Stock halved in minutes and down 90% from January high 

London Stock Exchange

Interserve’s share price has halved in the first couple of hours of Monday trading as investors respond to a second rescue plan in a year which will see the firm hand control of the business to its lenders in a debt for equity swap.

The firm said the talks would probably leave shareholders nursing big losses.

Shareholders will need to agree the plan which is expected to be finalised early next year.

Its share price dropped to just 6p within 15 minutes of the market opening, recovering to 12p as of 10am.

Interserve started the year with a 99p share price, hitting a year-high of 123p four days after the collapse of Carillion on 15 January.

Cenkos analyst Kevin Cammack said he had moved the stock to a no rating and added: “The current [11p] price – it could just as easily be 3p or 15p -  is mere option money on what sort of Interserve comes out of all this in 3-5 years’ time.”

But the problems which have engulfed the firm, notably escalating losses on a string of energ-from-waste schemes, has seen its share price tank in recent months.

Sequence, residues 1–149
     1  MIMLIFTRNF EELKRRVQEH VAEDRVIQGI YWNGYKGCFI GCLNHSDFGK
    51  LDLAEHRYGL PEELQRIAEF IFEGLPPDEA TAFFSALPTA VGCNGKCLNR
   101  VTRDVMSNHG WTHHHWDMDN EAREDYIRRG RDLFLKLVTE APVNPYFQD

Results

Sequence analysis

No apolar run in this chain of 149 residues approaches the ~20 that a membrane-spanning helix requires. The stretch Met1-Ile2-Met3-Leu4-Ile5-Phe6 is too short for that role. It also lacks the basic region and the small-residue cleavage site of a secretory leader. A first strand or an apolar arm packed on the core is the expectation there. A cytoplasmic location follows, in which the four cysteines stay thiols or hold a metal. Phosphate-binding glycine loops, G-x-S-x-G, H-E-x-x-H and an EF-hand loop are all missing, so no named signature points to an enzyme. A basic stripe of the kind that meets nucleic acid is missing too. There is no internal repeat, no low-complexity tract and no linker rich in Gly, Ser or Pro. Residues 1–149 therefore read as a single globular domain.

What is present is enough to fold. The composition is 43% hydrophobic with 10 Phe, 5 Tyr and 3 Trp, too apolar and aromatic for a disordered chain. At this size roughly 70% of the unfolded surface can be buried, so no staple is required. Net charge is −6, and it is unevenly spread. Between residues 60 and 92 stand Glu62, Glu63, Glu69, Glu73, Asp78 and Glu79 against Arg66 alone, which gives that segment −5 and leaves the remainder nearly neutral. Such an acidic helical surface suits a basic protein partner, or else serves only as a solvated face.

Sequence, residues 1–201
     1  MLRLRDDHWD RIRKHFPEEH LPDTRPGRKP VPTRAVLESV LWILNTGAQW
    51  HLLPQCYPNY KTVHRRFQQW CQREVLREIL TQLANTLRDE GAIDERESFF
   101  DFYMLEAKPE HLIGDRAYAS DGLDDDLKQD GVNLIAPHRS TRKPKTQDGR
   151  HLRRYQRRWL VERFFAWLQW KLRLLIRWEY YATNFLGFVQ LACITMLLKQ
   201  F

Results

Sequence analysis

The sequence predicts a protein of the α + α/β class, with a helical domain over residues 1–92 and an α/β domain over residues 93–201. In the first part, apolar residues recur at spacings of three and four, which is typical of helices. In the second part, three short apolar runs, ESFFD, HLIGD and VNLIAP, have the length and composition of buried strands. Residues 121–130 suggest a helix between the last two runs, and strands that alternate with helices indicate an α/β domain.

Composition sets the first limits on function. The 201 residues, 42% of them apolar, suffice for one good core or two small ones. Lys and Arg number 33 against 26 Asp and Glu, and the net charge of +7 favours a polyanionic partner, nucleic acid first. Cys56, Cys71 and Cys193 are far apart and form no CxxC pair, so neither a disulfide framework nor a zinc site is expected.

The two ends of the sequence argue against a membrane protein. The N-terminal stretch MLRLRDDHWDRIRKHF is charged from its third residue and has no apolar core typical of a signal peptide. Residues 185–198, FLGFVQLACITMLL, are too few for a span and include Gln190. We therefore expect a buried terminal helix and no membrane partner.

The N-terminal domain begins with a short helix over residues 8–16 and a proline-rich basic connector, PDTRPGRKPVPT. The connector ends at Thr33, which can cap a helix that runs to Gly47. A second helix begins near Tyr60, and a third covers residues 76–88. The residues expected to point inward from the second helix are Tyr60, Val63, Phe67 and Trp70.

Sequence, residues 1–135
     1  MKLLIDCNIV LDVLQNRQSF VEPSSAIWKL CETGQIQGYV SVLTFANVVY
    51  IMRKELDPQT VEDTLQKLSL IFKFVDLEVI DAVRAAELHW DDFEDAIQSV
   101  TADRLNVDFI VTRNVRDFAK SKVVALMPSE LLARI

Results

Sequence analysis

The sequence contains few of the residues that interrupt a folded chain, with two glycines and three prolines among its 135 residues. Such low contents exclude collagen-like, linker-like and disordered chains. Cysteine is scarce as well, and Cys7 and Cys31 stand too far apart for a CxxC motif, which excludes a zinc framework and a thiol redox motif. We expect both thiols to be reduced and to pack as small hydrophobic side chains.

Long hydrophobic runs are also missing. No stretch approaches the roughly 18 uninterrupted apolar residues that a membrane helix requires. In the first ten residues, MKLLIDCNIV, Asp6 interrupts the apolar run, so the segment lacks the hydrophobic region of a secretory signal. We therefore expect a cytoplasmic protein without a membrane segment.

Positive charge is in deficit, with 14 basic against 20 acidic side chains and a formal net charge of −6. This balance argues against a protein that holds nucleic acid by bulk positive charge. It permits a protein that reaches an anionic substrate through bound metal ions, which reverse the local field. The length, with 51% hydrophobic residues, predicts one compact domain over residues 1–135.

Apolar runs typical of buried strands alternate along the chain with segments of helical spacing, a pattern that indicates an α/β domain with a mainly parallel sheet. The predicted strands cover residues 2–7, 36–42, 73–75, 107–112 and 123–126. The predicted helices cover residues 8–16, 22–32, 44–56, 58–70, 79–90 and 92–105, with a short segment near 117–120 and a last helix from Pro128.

At their peak in 2014, Interserve’s shares traded for 717p each.

Cammack said he had some sympathy for chief executive Debbie White, who took over from previous incumbent Adrian Ringrose last September.

He added: “She walked into this maelstrom almost from day one. I am not going to blame a lack of due diligence on her behalf because a series of events not just EfW has conspired to all but put paid to this former near £1bn (at peak in 2015) business.”

Interserve told shareholders this morning that their stock was likely to be diluted, as the firm will likely give its creditors equity in exchange for another lease of life.

Last month the contractor said its net debt will reach between £625-650m.